Swain school officials take swift action against football player for racial insults on Facebook

A Swain County High School junior varsity football player was suspended from school for 10 days and kicked off the team for racially derogatory comments made to a member of the Cherokee JV football team.


The 14-year-old Swain student sent nasty and vulgar messages over Facebook to an eighth grade Cherokee football player following a game at Cherokee, which Swain won, 32-0. The Swain player sent the two racially-loaded messages while he returned home on the school activity bus after the football game.

Swain County School officials suspended the player from school for 10 days and kicked him off the team for the rest of the season.

“This is not a representation of our school system nor of our student body. We do not condone this kind of behavior,” said Steve Claxton, a spokesperson for Swain County Schools.

Ironically, the Cherokee JV football player who was sent the messages is white. He is not Native American but grew up in Cherokee and attends school there.

Next-door neighbors, Swain and Cherokee are historic football rivals in the Smoky Mountain Conference.

Swain County Schools have a significant number of Cherokee students who choose to attend school in Swain instead of on the reservation. In fact, the student body at Swain High is roughly 40 percent Cherokee — making it the most diverse high school in Western North Carolina, Claxton confirmed. 

Swain County Schools’ sports teams, including the varsity and JV football teams, have many players who are Cherokee.

Swain County Schools’ behavior policy calls on students to show “respect for cultural and ideological differences.” School policy prohibits harassment and bullying, including “name-calling, put-downs, derogatory comments and slurs,” and applies equally to written electronic communications.

Although the incident didn’t occur during the school day, school policies still apply during school-sanctioned events, including being transported on a school activity bus.

A minor violation of student conduct codes, which prohibit “insulting and disrespectful language,” can carry a punishment of short-term suspension of up to 10 days, according to school policy.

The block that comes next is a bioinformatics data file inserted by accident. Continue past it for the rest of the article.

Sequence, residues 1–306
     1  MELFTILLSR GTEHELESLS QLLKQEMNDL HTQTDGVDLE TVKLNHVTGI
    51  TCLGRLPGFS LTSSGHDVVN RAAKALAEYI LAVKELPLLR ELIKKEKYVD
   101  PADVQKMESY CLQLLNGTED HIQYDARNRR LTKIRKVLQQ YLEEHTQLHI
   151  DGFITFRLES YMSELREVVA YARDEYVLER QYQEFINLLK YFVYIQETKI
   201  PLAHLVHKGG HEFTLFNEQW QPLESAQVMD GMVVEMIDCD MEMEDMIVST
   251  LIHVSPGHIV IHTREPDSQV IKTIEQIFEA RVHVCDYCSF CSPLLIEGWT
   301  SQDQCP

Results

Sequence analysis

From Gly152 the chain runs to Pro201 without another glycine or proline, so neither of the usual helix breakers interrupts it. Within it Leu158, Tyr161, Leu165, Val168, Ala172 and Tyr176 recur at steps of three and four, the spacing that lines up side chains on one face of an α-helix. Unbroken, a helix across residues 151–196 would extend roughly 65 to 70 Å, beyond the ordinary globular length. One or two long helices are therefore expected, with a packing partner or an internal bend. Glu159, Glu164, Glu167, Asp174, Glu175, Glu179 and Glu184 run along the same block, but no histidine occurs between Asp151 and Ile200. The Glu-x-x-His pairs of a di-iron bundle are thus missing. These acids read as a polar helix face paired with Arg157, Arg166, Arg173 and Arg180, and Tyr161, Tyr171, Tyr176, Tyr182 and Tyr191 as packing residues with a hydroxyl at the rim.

Students who violate conduct and behavior codes can also be excluded from participating in school sports and other extracurricular activities under Swain school policy. 


A year later, Tuscola football player charged with cross-burning still playing 

A Tuscola varsity football player charged with felony cross-burning in the yard of a bi-racial student remains on the team more than a year after the incident, pending the case coming to trial.

Ben Greene, 17, played for Tuscola’s football as recently as Friday night. His continued presence on the field is dismaying to some in the community and has been the source of a few complaints to the school system during the past year.

However, Haywood County School officials say they are following the policies they have on the books. Greene’s case has not yet been heard in court. When it does — and if he is ultimately found guilty — he would be expelled from school as a convicted felon and thus would be off the football team.

But for now, Greene’s case has been postponed every time it’s come up in court. 

Greene had to sit out two games at the start of last year’s season, per school policy governing conduct of students in sports or in other extracurricular activities. Specifically, student athletes charged with a crime have to sit out for 20 percent of the games in a season and do 25 hours of community service for a first offense.

“The whole rationale is you hold your student athletes to a higher standard because they are representing your school,” said Haywood Schools Superintendent Anne Garrett.

In Swain County, a football player was recently kicked off the team for sending racially derogatory messages to a Cherokee football player via Facebook. That incident occurred during a school-sponsored event, however, giving the school system in Swain more leeway to take disciplinary action. In Haywood County, the cross-burning allegation against a football player occurred off school property and outside any school-sanctioned activity.

Greene was one of four Tuscola students charged with a felony hate crime following the incident in May 2012. A homemade wooden cross wrapped in a gasoline soaked T-shirt was lit in the yard of a house where a bi-racial student was spending the night with a friend.

The other three students have all been convicted with guilty pleas. Greene’s case has been delayed every time it has been on the court schedule. 

Greene is currently a senior. His next court appearance is scheduled for Dec. 16, meaning he will be allowed to play football the entire season.

— By Becky Johnson

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